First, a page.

By : Dedy N. Hidayat
Approaching 2009, the season of bubble and promises is already on the air again. This is the season when any aspiring Presidential candidate declares an uphill battle against the mother of all evils and the worst of crimes: poverty. Look around, you are already in the middle of a familiar symbolic environment, full of competing bubbles, lies, or half true messages about eradicating poverty.
The season of bubble and lies is on the air
But watch, anyone who win the competition, would in no time develop a tendency to make peace with those market fundamentalists. The moment the winner disappears into the palace, that exactly the time for us to prepare for the post-honeymoon nonstop watch.
Here is (part of) a watchlist, just in case you have the business to know who the new President of our country really is:
- How His/Her Excellency Mr(s) President reacts to critical issues such as economic liberalization, deregulation, privatization, and globalization?. How far does he or she tend to leave things up to the market? or does he have sufficient political will (or guts) to find alternatives to neoliberal prescriptions?
- How the new President manage health care and public education? A neoliberal would limit or rule out investment on health care, public education since that would directly interfere with the operation of markets. In the eye of market fundamentalists, the same is also applies for issues involving public broadcast, state enterprises, or social investments.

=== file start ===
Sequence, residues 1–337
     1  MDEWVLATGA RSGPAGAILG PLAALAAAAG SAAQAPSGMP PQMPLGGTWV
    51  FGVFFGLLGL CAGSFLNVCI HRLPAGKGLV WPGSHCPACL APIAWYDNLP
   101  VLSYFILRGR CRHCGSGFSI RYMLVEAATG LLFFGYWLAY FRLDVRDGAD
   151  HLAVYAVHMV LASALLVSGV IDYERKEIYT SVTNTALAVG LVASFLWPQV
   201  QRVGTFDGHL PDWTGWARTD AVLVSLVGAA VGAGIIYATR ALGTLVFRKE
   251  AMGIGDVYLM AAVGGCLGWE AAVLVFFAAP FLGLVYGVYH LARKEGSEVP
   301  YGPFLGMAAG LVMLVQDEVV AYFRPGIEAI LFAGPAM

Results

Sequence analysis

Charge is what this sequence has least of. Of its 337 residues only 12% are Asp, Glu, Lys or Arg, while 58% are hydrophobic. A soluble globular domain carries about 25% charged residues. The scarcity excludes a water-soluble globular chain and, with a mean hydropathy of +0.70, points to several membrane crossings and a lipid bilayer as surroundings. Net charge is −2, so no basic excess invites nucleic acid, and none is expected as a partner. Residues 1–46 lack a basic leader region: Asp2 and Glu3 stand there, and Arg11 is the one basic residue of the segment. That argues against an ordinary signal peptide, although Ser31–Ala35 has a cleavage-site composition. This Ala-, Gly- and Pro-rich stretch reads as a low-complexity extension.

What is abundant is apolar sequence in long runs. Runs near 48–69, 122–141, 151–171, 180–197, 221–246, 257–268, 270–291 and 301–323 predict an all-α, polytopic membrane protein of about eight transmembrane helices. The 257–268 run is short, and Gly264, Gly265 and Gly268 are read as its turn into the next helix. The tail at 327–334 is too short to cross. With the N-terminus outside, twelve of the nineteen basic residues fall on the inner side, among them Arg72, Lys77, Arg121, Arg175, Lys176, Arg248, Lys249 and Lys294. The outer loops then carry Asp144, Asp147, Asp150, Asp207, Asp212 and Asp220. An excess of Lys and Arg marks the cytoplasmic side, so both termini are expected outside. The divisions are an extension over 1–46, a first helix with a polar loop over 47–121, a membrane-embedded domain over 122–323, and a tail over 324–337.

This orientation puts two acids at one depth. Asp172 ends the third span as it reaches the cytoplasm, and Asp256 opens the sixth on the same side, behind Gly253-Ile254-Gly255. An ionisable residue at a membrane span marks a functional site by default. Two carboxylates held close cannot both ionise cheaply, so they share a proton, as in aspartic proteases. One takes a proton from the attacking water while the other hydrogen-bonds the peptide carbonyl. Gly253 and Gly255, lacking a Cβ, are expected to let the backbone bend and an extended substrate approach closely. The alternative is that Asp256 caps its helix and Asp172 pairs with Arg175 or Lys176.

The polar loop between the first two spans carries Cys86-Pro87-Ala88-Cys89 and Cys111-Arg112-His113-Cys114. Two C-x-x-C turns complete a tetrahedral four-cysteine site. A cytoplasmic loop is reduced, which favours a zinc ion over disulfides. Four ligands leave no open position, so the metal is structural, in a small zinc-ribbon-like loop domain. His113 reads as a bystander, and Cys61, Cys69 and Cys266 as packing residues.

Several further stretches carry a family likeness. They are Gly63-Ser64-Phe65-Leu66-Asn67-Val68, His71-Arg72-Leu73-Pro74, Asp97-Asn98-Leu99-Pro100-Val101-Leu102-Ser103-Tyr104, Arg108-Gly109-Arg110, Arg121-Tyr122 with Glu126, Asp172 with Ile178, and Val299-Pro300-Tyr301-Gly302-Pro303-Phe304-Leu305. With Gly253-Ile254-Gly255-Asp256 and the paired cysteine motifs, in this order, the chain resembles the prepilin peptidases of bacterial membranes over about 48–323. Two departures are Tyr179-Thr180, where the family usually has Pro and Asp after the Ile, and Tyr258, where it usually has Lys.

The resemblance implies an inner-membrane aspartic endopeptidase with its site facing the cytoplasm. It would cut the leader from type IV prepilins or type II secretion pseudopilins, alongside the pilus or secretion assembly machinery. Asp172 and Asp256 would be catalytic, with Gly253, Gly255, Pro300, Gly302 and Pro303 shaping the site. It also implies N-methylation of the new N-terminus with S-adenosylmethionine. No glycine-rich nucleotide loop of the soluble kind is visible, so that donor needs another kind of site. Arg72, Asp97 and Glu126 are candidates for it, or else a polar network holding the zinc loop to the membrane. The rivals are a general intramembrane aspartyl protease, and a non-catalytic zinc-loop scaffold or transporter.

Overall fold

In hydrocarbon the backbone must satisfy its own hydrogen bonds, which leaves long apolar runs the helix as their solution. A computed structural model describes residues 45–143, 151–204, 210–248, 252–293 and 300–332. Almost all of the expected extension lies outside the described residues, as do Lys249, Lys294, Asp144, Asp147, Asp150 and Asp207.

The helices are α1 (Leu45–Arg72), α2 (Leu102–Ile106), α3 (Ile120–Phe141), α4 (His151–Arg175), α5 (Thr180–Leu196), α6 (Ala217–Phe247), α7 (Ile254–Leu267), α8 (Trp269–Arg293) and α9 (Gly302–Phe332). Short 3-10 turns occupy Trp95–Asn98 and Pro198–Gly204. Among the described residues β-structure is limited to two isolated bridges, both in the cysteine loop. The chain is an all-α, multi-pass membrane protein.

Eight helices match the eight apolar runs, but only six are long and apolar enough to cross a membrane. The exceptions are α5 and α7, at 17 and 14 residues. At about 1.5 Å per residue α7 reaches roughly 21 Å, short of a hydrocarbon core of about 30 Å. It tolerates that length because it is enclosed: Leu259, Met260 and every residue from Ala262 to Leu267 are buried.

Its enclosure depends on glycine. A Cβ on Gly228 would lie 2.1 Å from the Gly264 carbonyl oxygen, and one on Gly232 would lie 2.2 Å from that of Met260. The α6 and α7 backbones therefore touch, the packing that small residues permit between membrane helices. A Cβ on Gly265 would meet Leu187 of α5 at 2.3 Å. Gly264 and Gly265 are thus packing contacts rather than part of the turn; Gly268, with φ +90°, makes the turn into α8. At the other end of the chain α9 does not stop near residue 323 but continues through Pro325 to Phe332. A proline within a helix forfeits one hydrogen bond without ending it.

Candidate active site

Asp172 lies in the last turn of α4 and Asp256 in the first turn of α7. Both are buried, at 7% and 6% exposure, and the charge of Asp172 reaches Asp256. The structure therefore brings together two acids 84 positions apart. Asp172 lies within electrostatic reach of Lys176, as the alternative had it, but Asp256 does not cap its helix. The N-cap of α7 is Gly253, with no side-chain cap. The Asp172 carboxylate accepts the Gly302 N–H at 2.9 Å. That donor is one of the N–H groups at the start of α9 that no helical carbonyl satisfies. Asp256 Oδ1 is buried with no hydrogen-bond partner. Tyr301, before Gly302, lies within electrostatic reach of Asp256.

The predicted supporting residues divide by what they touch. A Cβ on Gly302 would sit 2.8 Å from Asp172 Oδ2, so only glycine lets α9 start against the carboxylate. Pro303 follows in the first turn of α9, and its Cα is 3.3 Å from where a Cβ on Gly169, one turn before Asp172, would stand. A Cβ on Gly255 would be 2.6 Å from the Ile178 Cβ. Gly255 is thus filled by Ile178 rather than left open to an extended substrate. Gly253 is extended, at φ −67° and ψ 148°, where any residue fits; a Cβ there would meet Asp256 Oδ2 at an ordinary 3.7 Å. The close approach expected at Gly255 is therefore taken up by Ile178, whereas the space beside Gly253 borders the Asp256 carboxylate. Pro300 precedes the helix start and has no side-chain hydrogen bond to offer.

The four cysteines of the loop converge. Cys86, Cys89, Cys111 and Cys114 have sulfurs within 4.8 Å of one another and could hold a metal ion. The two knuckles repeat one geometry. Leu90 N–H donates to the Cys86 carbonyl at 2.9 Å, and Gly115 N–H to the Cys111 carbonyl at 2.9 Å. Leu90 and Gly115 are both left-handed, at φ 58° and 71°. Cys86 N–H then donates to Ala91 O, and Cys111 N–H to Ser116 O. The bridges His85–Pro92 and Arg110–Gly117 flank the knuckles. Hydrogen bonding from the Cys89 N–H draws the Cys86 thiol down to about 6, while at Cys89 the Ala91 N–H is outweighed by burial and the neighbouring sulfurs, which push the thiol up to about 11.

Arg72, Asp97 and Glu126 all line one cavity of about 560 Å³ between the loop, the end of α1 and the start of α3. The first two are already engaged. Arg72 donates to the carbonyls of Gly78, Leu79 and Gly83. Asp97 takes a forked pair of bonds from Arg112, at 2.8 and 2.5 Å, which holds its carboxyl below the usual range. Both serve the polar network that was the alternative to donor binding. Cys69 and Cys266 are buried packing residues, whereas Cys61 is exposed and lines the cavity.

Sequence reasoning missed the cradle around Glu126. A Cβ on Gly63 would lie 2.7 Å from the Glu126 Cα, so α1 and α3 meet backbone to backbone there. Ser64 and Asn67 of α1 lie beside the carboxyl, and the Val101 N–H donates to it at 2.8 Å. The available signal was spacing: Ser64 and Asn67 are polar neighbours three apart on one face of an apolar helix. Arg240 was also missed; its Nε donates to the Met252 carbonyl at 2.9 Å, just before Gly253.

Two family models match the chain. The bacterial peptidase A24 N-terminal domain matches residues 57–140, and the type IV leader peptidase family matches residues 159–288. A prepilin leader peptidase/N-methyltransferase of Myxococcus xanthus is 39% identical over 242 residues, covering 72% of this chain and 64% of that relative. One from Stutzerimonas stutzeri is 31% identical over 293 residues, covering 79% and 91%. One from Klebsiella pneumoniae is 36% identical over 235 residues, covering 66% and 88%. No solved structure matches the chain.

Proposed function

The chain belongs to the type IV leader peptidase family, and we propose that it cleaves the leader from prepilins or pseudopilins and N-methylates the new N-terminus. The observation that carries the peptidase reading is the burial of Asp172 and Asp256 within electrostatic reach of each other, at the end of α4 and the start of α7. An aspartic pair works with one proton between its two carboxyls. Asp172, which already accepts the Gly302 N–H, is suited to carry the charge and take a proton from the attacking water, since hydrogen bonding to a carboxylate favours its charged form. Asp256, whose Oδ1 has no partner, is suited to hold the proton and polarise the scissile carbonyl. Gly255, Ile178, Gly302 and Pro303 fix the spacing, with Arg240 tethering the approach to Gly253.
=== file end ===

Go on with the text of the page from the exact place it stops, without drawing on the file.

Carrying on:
- Are there any workable plan and act to protect the viability of small-scale farming?. A market fundamentalist would ignore such a plan because it would require subsidies to the farmers, and restriction on imports of farm products -- both are againsts neoliberalism principle of capital and commodities freedom to move. Likewise, restrictions on multinational companies, such as Care Fuor, which is aimed at protecting traditional markets, would run contrary to market fundamentalism’s prescription of minimal role for government in economic affairs.
- Is there any efforts to extend the rights of labor? Or he or she prefers to create a more condusive investment climate through respressive policies on industrial relations?
- Is there any policy priority directed at reducing the unequal distribution of income through, e.g. public works programs, greater budget allocation for public education and small scale business?. As Schumpeter (1954) sum s up a central argument of classical (neoliberal) economists:
- A higher rate of savings allows a higher rate of investment;
- A higher rate of investment allows a higher productive capital;
- A higher level of productive capital allows more output;
and so a higher rate of saving allows a higher rate of economic growth. Because, it is the rich who save . . . the poor spend their income. It follows that, a more unequal distribution of income, leads to a higher rate of growth . . . by raising the share of income going to the wealthy, the inequality raises the saving rate”.
Accordingly, neoliberals intrinsically pose a tendency to limit and rule out programs directed at improving income distribution.